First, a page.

Ramban explains that the Mishkan was a replication of Sinai. The intensity of G’d’s Presence in the Holy of Holies in the Mishkan was the equivalent to that of the Sinai event. Just as G’d communicated to Moshe and the Jewish people at Sinai, He spoke to Moshe from between the Cherubs on the Holy Ark that was located in the Holy of Holies. Ramban presents many colorations, based on verses of how the Divine Presence in the Mishkan was the equivalent of Sinai.

The purpose of the Mishkan was to create a setting for G’d’s Presence to dwell in the midst of the Jewish people. As the verse states, “Make for Me a Sanctuary so that I can dwell in your midst.” One would think that such an important and crucial task of building the Mishkan would be incumbent upon every Jew. As we find regarding the giving of the Machtzis Ha’Shekel (the half silver coin that was compulsory for every Jewish male above the age of twenty to give for the sake of purchasing communal offerings). However, the Torah tells us that the materials that were presented for the building of the Mishkan were not given as a tax or obligation but only out of the generosity of the heart. In fact, this was the only circumstance under which they were acceptable. Why was this so?

When the Jewish people accepted the Torah at Sinai they unequivocally declared “Naaseh V’nishma – we will do and we will listen.” The Gemara in Tractate Shabbos tells us that when G’d heard this declaration He exclaimed, “Who revealed this secret to My children?” They had spoken in the same manner as angels conduct themselves. The angels do the Will of G’d without first hearing His Command. Thus, the Jewish people at Sinai were the equivalent of angels because they accepted the Torah without knowing the extent of its obligation. They selflessly dedicated themselves to doing G’d’s Will. However, as a result of the sin of the Golden Calf, the Jewish people forfeited their special relationship with G’d that they had established at Sinai. In order to reinstate that relationship, G’d instructed them to build the Mishkan. Just as the Jewish people at Sinai dedicated themselves to G’d selflessly, as angels do, so too did their giving of the materials towards the building of the Mishkan needed to have a semblance of that selflessness.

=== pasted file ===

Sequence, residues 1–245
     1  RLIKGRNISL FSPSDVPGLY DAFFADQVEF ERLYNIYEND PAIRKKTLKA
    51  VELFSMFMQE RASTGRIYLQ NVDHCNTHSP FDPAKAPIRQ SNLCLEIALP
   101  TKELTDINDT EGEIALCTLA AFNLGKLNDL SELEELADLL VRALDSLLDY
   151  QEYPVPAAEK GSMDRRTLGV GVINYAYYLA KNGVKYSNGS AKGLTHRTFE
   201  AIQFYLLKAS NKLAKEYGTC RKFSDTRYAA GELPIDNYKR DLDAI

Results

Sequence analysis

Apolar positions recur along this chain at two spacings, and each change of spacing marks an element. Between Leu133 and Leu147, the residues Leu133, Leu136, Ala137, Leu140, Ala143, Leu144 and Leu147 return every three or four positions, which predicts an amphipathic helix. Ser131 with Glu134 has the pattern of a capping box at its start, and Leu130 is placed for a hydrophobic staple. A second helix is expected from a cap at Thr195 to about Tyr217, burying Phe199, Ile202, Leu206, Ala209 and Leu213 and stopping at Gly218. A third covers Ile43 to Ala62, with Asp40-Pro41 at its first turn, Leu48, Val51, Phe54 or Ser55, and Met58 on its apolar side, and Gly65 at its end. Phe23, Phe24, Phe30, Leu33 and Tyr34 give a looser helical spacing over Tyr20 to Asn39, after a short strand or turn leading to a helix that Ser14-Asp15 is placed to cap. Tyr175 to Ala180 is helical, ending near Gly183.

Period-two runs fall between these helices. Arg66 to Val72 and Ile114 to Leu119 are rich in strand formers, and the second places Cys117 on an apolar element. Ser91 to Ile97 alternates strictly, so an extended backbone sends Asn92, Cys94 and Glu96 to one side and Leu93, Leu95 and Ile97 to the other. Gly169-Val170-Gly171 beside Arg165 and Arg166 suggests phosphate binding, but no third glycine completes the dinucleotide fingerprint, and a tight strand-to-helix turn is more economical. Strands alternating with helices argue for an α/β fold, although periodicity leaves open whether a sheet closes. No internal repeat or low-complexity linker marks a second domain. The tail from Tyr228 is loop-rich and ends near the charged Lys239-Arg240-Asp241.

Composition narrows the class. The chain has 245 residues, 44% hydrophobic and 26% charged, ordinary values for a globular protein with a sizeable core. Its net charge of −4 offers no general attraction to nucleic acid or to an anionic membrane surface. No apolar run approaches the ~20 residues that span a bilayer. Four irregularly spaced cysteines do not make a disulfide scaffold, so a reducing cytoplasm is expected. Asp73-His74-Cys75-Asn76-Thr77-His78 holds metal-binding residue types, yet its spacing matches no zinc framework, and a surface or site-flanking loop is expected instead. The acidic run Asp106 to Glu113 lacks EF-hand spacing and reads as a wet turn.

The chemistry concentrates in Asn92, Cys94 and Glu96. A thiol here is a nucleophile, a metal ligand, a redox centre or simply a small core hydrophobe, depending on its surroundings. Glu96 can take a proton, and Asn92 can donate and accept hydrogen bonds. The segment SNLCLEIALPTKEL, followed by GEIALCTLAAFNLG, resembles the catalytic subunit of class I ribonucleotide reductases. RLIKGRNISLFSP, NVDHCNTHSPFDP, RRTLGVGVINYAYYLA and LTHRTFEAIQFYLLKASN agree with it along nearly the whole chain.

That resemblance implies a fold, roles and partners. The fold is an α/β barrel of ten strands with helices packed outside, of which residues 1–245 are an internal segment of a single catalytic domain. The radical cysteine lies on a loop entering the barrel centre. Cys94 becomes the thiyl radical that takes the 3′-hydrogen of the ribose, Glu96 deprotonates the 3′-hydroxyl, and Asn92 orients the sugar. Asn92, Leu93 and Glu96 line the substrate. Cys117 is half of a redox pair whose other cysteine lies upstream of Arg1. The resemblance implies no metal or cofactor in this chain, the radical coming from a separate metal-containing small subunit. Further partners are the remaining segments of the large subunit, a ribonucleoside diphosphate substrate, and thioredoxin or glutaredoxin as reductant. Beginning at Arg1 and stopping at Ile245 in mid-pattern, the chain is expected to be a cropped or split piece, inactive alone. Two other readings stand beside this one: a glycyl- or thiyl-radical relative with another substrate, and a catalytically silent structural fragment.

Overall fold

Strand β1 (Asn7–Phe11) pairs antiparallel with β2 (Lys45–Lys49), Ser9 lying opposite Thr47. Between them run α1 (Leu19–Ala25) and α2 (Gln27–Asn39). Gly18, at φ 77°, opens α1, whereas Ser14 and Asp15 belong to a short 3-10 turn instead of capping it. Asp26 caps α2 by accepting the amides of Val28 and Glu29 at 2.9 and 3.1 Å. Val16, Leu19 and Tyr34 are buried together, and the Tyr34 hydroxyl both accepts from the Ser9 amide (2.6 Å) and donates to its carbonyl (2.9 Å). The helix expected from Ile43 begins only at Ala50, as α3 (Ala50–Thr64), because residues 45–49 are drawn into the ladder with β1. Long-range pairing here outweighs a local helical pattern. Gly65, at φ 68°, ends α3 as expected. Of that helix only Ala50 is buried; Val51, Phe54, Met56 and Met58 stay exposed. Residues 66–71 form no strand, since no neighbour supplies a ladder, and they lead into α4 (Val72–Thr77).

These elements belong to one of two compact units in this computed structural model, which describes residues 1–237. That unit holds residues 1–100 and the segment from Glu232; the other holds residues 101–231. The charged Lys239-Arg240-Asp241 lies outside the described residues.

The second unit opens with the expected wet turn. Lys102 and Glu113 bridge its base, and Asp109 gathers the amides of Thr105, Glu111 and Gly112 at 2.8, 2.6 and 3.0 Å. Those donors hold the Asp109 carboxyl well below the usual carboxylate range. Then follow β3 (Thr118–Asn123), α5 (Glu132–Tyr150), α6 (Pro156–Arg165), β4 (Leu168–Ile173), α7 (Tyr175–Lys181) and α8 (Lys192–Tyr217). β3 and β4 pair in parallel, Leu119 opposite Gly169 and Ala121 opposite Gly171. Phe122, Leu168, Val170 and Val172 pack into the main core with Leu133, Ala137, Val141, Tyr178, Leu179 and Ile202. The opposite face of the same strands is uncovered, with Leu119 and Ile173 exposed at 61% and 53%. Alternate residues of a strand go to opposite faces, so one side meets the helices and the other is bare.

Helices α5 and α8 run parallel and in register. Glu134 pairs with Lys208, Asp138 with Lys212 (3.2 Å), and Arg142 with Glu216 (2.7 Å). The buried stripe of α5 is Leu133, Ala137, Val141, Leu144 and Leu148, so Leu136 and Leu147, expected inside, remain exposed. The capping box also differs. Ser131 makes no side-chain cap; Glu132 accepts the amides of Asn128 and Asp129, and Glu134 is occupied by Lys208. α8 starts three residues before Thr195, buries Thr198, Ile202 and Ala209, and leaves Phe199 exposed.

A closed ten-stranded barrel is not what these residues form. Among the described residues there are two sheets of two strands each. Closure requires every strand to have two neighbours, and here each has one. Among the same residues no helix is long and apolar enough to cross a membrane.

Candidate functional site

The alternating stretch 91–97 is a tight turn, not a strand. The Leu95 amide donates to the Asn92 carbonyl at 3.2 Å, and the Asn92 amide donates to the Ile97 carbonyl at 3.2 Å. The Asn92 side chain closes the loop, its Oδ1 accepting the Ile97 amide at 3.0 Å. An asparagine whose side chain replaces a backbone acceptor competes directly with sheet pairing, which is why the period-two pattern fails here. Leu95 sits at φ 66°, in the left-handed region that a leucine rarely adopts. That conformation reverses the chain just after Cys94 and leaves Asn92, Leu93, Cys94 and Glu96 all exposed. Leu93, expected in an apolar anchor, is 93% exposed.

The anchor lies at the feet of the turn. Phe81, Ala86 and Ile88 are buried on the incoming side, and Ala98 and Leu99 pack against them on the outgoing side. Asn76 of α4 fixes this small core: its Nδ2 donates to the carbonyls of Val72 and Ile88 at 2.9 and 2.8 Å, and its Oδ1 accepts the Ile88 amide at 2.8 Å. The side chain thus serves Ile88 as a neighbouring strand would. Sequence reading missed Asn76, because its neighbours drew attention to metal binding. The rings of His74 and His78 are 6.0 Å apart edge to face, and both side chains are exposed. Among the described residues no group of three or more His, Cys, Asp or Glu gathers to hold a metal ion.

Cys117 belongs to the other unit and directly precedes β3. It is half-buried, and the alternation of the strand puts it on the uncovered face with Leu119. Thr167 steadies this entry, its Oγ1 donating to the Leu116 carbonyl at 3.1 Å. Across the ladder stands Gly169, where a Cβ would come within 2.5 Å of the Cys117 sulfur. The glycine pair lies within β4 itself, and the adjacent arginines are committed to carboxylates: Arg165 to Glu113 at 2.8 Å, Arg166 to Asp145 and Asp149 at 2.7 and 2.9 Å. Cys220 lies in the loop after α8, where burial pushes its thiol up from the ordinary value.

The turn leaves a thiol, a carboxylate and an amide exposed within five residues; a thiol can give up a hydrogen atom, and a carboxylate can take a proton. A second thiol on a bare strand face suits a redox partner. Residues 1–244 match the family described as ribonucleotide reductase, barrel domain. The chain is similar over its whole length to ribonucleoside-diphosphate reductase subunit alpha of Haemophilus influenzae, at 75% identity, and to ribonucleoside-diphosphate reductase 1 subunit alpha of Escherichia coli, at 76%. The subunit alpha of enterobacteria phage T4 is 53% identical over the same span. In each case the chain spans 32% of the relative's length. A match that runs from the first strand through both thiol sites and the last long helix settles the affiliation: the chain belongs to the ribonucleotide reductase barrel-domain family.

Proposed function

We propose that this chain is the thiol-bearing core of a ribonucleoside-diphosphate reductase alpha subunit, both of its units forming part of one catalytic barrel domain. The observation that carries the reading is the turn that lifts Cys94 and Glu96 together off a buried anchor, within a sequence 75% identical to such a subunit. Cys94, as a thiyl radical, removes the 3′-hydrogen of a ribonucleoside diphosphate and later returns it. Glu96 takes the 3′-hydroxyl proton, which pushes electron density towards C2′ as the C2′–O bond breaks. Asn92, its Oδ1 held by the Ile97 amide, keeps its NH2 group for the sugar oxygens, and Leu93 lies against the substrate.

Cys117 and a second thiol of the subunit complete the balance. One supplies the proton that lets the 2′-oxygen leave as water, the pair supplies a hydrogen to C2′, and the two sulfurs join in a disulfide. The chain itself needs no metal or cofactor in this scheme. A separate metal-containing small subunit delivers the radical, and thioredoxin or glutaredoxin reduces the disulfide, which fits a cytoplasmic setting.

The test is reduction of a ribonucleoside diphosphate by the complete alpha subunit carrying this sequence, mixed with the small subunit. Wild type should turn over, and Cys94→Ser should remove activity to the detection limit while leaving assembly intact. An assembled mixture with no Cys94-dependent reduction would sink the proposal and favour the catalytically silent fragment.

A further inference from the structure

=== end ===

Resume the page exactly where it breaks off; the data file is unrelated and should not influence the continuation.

The only way the Jewish people could be reinstated to the level of “Naaseh v’nishma”, is to once again assume the posture of the angel by giving to the Mishkan in a selfless manner. Because the Mishkan was built with materials that were given out of the generosity of the heart, it was able to function at the same level as Sinai. The Divine Presence dwelt in it to no less of a degree then It did at the time of the giving of the Torah.